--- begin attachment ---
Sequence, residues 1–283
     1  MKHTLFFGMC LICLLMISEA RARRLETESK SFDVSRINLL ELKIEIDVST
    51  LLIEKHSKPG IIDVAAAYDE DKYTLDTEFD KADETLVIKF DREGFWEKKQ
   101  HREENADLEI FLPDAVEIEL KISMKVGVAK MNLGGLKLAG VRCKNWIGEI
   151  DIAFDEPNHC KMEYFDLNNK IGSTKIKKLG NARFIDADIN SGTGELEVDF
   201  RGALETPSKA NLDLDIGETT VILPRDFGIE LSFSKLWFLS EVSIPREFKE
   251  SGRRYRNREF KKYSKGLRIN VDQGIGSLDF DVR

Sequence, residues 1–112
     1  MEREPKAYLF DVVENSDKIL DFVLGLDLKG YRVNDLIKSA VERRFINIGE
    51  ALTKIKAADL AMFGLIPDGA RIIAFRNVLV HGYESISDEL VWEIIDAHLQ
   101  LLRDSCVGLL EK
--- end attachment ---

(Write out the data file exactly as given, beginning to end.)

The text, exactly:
Sequence, residues 1–283
     1  MKHTLFFGMC LICLLMISEA RARRLETESK SFDVSRINLL ELKIEIDVST
    51  LLIEKHSKPG IIDVAAAYDE DKYTLDTEFD KADETLVIKF DREGFWEKKQ
   101  HREENADLEI FLPDAVEIEL KISMKVGVAK MNLGGLKLAG VRCKNWIGEI
   151  DIAFDEPNHC KMEYFDLNNK IGSTKIKKLG NARFIDADIN SGTGELEVDF
   201  RGALETPSKA NLDLDIGETT VILPRDFGIE LSFSKLWFLS EVSIPREFKE
   251  SGRRYRNREF KKYSKGLRIN VDQGIGSLDF DVR

Sequence, residues 1–112
     1  MEREPKAYLF DVVENSDKIL DFVLGLDLKG YRVNDLIKSA VERRFINIGE
    51  ALTKIKAADL AMFGLIPDGA RIIAFRNVLV HGYESISDEL VWEIIDAHLQ
   101  LLRDSCVGLL EK